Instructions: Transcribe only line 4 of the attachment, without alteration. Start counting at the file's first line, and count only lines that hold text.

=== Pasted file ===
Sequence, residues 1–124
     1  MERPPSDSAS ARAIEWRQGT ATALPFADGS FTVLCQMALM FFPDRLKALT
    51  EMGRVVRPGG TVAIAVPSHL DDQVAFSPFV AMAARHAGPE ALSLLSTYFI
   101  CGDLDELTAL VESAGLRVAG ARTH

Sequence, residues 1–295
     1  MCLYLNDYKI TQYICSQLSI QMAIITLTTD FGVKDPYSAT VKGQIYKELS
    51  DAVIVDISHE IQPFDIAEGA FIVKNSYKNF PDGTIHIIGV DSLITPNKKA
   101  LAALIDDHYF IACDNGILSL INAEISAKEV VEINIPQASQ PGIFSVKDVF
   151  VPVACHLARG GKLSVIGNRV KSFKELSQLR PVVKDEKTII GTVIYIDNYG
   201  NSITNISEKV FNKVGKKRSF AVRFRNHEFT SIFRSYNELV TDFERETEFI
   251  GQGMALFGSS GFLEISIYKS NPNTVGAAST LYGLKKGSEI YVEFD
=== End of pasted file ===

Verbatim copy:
   101  CGDLDELTAL VESAGLRVAG ARTH